6 Potential for NMVOC emission mitigation from Scotch whisky maturation
Whisky maturation is a sensitive and complicated process where maturation in given environments produces a spirit unique to the location and barrel that it matures in. Maturation, as the name suggests, refers to a long period of time and any mitigation deemed for consideration would need to take the lifetime maturation of any spirit into account.
The reactions which improve the quality of the whisky in relation to a greater amount of time matured are not yet known (Conner, 2014). This is mainly due to the lack of easily observable activity in a laboratory over the time periods that high quality maturation requires. Attempts could be made to better understand the long-term reactions during the maturation process. This could then be used to provide evidence that a suggested mitigation technology will not negatively impact quality. Given the length of the maturation period, trials of any mitigation technology would need to take place for at least three years to ensure that quality is not impacted.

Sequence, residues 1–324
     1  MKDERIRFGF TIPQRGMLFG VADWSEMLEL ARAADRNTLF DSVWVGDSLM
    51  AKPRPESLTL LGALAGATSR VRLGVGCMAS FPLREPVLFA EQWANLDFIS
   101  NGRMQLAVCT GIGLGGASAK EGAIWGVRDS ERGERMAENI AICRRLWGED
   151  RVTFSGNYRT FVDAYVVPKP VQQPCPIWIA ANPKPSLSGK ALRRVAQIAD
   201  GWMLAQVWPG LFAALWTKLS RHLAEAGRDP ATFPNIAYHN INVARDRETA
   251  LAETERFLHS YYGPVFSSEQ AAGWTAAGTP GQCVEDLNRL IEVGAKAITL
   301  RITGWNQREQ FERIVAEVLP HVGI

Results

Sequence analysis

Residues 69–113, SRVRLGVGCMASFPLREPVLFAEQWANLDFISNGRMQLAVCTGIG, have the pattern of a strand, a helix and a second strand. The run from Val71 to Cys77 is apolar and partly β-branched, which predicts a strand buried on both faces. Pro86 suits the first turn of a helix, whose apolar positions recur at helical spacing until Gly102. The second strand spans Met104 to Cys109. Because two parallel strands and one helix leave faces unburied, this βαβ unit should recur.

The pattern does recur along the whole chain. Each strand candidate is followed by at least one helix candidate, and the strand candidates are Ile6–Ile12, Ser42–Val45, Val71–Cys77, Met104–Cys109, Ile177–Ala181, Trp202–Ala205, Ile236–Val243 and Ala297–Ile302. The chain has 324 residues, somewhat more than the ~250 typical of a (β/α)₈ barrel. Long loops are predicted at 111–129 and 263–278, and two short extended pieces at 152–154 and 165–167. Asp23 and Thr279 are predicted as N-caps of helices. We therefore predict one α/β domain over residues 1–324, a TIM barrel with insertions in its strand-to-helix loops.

The MATIN (Maturation Innovation) project carried out by the Scotch Whisky Research Institute in collaboration with the Building Research Establishment (BRE), involved the monitoring of 17 warehouses in Scotland (Conner and Forrester, 2017). The team were unable to relate the parameters they monitored inside the warehouse to the rate of loss of ethanol. Alongside the monitoring, the project involved the development of a building energy model for maturation warehouses, based upon the conditions inside two warehouses. The conditions were recorded using 36 loggers recording temperature and humidity in the warehouse. From the model created, the team determined that, in a controlled environment, more than 98% of the variation in losses was due to temperature. The greater the temperature, the greater the loss in ethanol per year. Measurements of ethanol loss were taken from various casks in two warehouses over a two-year period, one warehouse in North Scotland and the other in South Scotland. However, amounts of ethanol loss were found to have varied considerably between casks, even within the same warehouse where the warehouse temperature was constant. The rate of loss is unlikely to be random, and it will most likely be driven by physical processes with quantifiable parameters related to the environment the whisky is in and others relating to variation in barrels that is not easily defined. If these parameters are studied in detail, then mitigation measures can be developed to control the parameters and therefore reduce the evaporative loss of ethanol.